Kentucky Department of Education

Kentucky education official recommends state takeover of Jefferson County school system

May 1, 2018
Interim education commissioner Wayne Lewis cites several deficiencies in calling for the state to assume control of the state's largest public school district.

Kentucky's interim education commissioner wants the state to take over management of the 101,000-student Jefferson County school system.

The Louisville Courier-Journal reports that interim Education Commissioner Wayne Lewis made the recommendation in a 16-page letter that was released with the results of an extensive management audit of the state's largest school system, which includes Louisville.

The "evidence overwhelmingly supports" a takeover, Lewis concluded.

He cited a flawed system to investigate and account for physical restraints of students, poor achievement test scores and a student assignment plan that "has a distinct, negative impact on the most vulnerable populations of...students."

The recommendation must be approved by a majority vote of the state education board. All 11 members of the board have been appointed by Gov. Matt Bevin, who last year called the district an "unmitigated disaster."

If the state assumes control, the Jefferson County district would lose control of its finances, personnel, operations and other responsibilities ordinarily handled by Superintendent Marty Pollio and the elected school board.

Under state law, those powers would normally be transferred to a state-appointed manager. However, Lewis says in his recommendation, he will "delegate authority for the daily operation of the district" to Pollio.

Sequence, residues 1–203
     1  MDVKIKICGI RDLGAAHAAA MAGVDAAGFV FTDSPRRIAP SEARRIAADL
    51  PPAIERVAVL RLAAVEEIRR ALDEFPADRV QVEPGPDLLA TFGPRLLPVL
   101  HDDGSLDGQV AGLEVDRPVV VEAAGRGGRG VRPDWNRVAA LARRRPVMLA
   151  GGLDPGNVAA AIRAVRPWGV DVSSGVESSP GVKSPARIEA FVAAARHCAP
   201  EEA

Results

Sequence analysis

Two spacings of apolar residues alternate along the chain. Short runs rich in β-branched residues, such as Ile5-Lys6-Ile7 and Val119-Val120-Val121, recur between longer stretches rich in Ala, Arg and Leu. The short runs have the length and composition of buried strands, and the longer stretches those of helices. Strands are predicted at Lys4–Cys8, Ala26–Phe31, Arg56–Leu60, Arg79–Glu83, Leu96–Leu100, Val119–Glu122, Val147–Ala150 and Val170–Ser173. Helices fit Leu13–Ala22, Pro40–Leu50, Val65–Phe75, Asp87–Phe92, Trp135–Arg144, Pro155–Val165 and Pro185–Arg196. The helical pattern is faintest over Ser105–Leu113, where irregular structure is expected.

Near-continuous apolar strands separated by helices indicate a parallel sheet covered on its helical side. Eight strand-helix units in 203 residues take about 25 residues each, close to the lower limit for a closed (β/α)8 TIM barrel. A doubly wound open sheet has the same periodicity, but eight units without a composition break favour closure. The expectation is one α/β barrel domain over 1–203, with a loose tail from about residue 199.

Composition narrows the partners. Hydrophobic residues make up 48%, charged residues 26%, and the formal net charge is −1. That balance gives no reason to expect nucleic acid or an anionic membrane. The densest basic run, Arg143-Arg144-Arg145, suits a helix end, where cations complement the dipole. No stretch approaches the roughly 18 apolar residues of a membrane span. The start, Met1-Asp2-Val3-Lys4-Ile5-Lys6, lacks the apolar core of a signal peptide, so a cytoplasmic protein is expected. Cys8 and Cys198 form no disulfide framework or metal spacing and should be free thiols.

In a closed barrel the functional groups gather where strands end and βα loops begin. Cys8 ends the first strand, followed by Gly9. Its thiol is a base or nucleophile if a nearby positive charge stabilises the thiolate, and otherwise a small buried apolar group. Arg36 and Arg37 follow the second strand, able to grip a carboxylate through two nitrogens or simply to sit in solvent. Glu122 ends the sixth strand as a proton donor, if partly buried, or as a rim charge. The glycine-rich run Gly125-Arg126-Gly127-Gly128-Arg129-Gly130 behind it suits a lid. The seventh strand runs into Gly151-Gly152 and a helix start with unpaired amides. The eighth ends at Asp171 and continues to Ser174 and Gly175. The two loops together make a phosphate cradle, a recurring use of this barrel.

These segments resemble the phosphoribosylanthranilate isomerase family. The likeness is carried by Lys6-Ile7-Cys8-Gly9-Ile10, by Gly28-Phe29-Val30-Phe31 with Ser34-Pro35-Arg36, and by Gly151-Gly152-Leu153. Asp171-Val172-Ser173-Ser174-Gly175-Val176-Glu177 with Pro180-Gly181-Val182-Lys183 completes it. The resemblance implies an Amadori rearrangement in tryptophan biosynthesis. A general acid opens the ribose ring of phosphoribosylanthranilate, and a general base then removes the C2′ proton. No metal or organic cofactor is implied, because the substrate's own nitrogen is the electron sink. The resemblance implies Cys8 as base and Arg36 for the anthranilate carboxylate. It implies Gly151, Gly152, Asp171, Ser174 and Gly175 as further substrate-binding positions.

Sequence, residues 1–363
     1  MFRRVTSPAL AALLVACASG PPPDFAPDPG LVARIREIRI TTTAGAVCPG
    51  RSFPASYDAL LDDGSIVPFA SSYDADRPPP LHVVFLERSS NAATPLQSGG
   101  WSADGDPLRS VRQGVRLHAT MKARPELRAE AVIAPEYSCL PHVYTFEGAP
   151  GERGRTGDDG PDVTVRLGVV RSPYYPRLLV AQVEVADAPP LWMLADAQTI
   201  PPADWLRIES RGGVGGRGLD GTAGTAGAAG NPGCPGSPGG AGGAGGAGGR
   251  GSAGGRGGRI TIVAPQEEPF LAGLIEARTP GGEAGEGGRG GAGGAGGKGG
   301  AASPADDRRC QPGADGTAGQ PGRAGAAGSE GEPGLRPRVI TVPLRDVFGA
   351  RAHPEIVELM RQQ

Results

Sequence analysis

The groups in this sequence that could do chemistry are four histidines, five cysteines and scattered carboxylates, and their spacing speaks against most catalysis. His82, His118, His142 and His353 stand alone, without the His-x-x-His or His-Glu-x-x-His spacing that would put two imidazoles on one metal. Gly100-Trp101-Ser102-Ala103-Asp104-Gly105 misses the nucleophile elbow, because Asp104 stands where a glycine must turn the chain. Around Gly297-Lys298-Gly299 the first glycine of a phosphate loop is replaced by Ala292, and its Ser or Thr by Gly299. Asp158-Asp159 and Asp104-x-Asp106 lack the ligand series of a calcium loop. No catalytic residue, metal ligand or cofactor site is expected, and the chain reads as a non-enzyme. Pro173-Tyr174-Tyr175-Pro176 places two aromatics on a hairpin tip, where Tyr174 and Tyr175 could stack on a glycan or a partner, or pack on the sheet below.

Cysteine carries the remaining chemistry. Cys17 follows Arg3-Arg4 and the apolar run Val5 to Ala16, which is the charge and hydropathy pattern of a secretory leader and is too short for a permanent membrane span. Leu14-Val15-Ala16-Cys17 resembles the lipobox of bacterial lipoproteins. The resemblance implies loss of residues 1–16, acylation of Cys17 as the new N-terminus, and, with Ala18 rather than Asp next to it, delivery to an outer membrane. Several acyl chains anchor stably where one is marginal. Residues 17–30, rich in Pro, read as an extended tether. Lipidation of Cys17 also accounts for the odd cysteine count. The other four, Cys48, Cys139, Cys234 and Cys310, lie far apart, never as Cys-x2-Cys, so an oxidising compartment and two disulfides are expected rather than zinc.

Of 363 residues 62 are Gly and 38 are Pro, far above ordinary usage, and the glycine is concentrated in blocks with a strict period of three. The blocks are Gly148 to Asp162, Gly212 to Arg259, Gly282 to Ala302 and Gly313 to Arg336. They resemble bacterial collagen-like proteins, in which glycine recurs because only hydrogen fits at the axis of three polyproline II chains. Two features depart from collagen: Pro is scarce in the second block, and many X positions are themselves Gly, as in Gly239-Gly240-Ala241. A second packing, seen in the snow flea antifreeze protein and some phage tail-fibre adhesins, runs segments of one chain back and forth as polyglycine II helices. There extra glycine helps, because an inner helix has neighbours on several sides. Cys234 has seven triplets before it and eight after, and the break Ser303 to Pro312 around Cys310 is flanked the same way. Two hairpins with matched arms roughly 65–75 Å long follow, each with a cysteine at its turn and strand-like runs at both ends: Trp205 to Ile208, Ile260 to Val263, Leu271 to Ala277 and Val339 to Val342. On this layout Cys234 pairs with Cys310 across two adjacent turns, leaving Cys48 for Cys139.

Lewis says he has "no intention of removing elected members" of the Jefferson County school board. Instead, he asked that the board "continue to meet and function in an advisory capacity to Dr. Pollio and to me." Several board members have vowed to fight a takeover in court.

The state's recommendation culminates an exhaustive audit announced last year under former Superintendent Donna Hargens.

At that time, Stephen Pruitt, who was the education commissioner, said an initial review into the district's management had uncovered more than 20 "significant deficiencies," including the widespread underreporting of student seclusion and restraint, racial disparities in suspension rates, and inadequate support for the district's lowest-performing schools.

Two months later, Hargens announced her resignation. Pollio became acting superintendent in July and was given the job permanently in February.

When the audit was announced, Pruitt said he expected it to be complete by the end of the 2016-17 school year.

But it dragged on for more than a year, and Pruitt resigned last month under pressure from a newly reconstituted state education board.

About the Author

Mike Kennedy | Senior Editor

Mike Kennedy, senior editor, has written for AS&U on a wide range of educational issues since 1999.

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